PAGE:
Newspaper article International New York Times

America's Empty Embassies

Newspaper article International New York Times

America's Empty Embassies

Article excerpt

Why won't the Senate approve Obama's diplomatic nominees?

As the last year has demonstrated, America's struggle to defend its national interests cannot be won by military force alone. Even as the campaigns against the Islamic State and the Taliban have faltered, American diplomats have made remarkable progress across a number of fronts, from climate change to checking Iran's nuclear ambitions.

Such success depends on making common cause with our allies, an effort led by America's ambassadors. And yet, thanks to Senate politics, dozens of ambassadorial nominations have been delayed unnecessarily. At one point in 2014, nearly a quarter of the world's countries lacked an American ambassador, and even today, despite some efforts to approve candidates, a dozen nominations have not received congressional action -- including nominees to represent the United States in strategically vital countries like Mexico, Norway and Sweden.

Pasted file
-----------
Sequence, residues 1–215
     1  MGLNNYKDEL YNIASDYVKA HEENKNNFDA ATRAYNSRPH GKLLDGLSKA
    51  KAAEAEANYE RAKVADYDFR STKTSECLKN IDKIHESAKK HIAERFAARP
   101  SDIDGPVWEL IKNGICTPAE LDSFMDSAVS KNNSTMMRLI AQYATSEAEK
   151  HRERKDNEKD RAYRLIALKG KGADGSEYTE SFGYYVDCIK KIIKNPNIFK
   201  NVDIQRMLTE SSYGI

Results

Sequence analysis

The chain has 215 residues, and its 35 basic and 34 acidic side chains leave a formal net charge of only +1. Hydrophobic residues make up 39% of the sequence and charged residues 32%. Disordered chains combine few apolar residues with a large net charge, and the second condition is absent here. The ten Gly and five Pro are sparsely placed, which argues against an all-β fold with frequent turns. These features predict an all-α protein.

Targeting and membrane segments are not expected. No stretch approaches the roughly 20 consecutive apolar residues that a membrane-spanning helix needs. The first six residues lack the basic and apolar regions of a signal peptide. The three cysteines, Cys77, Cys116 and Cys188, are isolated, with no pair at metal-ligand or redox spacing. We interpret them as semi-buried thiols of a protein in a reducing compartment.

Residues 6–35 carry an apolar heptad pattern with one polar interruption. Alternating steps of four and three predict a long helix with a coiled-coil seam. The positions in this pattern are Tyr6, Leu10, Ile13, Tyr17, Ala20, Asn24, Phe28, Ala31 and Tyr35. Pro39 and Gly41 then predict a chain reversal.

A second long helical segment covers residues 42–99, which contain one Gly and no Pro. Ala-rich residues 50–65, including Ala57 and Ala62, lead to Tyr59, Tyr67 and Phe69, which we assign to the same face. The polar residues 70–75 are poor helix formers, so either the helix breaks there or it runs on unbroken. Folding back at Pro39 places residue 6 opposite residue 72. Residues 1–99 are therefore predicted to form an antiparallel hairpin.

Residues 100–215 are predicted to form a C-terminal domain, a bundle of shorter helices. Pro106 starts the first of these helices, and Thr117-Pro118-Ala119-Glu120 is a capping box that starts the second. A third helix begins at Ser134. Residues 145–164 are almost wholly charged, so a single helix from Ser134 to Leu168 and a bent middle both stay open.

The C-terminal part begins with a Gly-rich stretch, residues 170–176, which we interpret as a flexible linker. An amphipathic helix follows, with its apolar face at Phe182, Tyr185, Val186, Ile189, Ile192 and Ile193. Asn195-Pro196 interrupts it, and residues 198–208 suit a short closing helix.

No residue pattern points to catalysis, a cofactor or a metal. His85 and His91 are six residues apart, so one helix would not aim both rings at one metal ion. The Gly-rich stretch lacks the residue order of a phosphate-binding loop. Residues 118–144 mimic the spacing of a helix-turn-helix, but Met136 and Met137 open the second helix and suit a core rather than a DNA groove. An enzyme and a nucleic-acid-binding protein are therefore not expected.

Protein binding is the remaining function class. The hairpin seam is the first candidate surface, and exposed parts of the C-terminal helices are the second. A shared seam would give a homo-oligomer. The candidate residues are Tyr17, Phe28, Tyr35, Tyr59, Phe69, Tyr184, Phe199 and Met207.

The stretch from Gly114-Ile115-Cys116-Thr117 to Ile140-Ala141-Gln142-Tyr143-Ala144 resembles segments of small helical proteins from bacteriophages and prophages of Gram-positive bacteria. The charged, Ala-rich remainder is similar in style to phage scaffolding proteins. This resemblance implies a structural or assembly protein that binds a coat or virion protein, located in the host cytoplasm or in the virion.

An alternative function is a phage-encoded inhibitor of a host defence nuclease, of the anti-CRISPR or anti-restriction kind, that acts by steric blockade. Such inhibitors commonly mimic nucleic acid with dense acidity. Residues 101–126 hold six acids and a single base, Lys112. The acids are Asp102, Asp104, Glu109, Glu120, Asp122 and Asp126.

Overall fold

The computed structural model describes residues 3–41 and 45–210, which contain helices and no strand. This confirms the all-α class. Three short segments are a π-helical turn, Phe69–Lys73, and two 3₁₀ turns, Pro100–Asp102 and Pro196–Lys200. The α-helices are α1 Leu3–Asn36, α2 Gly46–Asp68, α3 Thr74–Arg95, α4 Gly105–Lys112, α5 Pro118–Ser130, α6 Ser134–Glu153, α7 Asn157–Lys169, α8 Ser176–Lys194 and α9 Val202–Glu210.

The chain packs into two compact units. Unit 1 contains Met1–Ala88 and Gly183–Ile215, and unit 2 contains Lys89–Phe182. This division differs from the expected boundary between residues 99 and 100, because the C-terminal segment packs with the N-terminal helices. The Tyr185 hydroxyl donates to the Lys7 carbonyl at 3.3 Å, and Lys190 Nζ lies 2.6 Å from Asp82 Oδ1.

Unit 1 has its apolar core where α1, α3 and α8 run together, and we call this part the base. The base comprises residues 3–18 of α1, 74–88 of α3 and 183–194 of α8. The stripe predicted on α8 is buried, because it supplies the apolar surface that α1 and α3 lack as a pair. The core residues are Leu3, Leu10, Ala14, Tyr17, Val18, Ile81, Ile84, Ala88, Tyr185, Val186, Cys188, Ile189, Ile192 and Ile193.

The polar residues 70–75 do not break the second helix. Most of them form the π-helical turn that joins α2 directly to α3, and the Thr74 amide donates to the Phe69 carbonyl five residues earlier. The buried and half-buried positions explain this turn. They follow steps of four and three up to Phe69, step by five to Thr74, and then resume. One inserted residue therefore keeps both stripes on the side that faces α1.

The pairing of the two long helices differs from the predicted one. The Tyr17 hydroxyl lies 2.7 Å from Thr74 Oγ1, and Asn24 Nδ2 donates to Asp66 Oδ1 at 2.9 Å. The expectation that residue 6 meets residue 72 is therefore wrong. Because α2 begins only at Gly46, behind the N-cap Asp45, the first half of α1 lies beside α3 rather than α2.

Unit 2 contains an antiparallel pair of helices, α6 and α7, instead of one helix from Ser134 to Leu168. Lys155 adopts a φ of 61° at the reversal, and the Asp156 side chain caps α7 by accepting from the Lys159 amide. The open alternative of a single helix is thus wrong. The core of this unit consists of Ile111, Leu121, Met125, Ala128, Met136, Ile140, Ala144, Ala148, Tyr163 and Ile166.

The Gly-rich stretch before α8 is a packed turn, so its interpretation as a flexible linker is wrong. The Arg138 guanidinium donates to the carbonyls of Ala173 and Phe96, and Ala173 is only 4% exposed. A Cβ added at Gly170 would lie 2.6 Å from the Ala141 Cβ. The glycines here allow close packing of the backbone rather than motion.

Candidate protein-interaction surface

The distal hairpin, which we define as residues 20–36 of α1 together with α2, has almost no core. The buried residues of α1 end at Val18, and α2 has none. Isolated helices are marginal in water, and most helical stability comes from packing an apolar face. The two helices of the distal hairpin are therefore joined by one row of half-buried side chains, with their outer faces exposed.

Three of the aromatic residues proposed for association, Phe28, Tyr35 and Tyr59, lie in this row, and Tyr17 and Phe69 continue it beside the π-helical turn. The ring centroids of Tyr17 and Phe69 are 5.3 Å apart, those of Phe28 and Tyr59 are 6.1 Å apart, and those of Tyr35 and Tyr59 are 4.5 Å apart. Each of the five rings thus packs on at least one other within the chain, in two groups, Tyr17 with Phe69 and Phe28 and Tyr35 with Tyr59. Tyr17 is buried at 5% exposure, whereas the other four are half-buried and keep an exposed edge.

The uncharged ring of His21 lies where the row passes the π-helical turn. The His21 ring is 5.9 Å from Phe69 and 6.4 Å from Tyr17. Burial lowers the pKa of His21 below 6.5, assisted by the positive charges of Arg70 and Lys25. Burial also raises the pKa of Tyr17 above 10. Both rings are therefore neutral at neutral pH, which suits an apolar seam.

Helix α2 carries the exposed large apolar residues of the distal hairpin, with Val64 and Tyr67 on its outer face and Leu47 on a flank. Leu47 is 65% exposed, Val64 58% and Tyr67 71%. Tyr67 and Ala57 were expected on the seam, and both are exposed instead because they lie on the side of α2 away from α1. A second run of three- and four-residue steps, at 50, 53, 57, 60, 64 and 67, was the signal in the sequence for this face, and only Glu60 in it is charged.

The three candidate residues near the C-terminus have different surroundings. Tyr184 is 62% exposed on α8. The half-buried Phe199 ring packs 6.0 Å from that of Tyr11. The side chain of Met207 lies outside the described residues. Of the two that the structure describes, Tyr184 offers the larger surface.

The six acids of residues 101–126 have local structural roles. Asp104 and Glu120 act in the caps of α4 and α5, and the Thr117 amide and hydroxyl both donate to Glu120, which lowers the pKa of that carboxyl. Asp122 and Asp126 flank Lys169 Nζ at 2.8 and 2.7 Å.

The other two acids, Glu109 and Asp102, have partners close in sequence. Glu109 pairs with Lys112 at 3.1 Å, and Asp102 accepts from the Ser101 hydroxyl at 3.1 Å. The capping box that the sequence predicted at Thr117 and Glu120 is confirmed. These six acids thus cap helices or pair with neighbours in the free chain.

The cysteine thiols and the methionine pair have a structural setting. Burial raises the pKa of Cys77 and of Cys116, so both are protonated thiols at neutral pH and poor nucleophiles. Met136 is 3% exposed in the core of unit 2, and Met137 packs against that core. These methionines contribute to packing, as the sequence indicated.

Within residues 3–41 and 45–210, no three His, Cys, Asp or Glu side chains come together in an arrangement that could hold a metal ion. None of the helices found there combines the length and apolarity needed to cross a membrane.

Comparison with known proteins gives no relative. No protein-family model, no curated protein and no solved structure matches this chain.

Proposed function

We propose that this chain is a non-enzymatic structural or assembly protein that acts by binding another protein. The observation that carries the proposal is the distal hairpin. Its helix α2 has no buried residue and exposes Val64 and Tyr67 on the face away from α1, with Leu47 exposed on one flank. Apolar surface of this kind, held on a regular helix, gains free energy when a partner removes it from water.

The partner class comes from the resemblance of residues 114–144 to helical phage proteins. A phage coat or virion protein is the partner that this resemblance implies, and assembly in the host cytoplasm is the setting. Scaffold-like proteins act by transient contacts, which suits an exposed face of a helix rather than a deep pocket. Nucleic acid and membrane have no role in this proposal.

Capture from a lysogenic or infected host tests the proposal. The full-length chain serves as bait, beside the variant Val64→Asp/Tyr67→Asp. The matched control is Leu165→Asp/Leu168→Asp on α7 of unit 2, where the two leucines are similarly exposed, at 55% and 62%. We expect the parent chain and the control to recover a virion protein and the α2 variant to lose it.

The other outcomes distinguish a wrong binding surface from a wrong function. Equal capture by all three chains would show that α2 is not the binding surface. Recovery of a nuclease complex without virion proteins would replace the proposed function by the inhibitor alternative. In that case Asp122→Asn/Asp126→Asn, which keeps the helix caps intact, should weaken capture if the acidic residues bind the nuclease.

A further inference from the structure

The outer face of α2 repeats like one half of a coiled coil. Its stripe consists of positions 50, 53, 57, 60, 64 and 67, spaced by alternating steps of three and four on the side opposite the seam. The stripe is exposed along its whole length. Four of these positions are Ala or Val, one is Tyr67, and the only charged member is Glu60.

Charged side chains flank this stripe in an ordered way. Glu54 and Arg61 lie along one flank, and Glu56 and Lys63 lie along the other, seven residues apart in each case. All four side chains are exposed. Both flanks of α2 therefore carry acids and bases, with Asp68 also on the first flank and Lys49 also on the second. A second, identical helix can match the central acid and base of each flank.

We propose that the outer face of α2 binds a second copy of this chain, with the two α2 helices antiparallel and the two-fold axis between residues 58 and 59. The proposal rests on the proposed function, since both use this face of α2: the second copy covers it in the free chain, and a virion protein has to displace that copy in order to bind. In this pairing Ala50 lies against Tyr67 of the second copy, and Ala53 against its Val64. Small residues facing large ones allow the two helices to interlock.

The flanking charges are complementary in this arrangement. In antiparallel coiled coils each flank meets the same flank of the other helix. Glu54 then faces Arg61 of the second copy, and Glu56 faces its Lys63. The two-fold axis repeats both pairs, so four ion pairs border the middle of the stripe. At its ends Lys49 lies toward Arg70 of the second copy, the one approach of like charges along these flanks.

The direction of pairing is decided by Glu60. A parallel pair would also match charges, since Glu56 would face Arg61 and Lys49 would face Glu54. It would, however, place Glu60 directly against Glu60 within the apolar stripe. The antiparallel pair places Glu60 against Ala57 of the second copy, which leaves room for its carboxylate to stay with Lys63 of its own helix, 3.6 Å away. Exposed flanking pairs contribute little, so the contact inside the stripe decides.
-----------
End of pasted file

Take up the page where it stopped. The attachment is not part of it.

Some of these are still early in the nomination process, but several have received overwhelming bipartisan support in committee, only to see their candidacy halted on the Senate floor.

Take the case of Roberta S. Jacobson, whom President Obama nominated as ambassador to Mexico this summer. A State Department veteran who is fluent in Spanish, she is exactly the sort of person we need to advance our interests in Mexico. The Mexican government has expressed support, as did the Republican-led Senate Foreign Relations Committee.

But because, as an assistant secretary of state, Ms. Jacobson helped negotiate the thawing of relations between the United States and Cuba, Senator Marco Rubio, a candidate for the Republican presidential nomination, has placed a "hold" on her candidacy, unilaterally preventing her from receiving what should be a pro forma vote of approval.

I am particularly concerned about the vacancy in Norway, now going on more than two years. I care deeply about Norway, where my family originated before immigrating to Minnesota, along with thousands of others.

But my concern is not just sentimental: Norway is a key strategic ally and partner.

It shares a 122-mile border with Russia -- an increasingly aggressive and unpredictable international actor. Norway is a NATO member that routinely carries out joint military exercises with our forces. And it has started to take delivery of more than 50 F-35 fighter planes it is buying from Lockheed Martin, making it an important trade partner as well. …

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